• #12
                        Thats a big radius, but in aluminum with a sharp bit and plenty of oil I dont see why that would be a problem, you didnt say what rpm you were running, but I would go with the slowest rpm you have and rough out most of the meat with other tooling before cleaning it up.


                        • #13
                          Thanks for all the input,
                          I'm going to have to do a step method and finish file it. I don't have my digital camera working but I have a photo of the lathe. The actual finish radius isn't that critical. To give you and idea of the part its 6" Billet 7075 about 5" long in a four jaw with a live center. I was under the impression the lathe is really rigid, but I imagine it is the 1/2" tool thats causing most of the problems with vibration with so much surface area in contact.
                          Jeff, our team (Clarkson Univ.) is attending tenn and montreal.

                          -Thanks, Rob


                          • #14
                            NOT THE PART I'M WORKING ON, JUST THE LATHE


                            • #15
                              Yeah...thanks for posting the picture. It speaks a thousand words. I was going to point out that the 16" C series Monarchs are hell for stout....way more massive than average as compared to a typical lathe of the same envelope. I have a friend with a 12CK x30" (really a 14" swing over the ways) and it weighs something like 5000# plus.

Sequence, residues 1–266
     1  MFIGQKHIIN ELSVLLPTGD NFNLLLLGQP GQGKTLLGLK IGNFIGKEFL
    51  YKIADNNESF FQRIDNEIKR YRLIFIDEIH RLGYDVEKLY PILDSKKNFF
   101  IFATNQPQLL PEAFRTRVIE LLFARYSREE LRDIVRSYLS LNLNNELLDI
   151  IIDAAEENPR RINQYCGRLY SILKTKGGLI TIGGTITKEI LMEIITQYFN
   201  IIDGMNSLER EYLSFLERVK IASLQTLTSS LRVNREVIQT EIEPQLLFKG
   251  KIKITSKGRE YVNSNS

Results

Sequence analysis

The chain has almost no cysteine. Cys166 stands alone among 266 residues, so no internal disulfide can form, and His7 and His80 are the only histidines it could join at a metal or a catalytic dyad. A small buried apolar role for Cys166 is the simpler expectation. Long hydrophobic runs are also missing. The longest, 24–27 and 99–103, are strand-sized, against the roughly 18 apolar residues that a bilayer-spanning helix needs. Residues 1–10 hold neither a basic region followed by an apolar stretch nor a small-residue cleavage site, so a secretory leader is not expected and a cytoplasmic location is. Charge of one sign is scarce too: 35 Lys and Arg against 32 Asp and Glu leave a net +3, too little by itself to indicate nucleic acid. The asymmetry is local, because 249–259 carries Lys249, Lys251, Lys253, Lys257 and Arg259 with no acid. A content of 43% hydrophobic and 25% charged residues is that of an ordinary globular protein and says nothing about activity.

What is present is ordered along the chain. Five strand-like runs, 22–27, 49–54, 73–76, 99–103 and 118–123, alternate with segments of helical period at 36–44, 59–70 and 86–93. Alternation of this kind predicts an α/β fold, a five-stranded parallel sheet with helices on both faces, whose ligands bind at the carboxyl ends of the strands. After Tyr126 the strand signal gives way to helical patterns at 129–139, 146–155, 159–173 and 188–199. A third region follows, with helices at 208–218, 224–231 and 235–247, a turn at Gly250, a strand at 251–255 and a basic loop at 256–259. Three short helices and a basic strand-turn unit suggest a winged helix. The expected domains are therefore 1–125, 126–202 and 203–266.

Its not the lathe that's chattering if I were guessing...rather the tool. I would still remove as much as possible without the form tool as I described above. I would then grind the form tool to form *half* of your half inch radius at one time. This cuts your surface area in half. You will end up with a tool just as tall, but half as wide.

                              Paul--who has always wanted one of those old Monarch's
                              Paul Carpenter
                              Mapleton, IL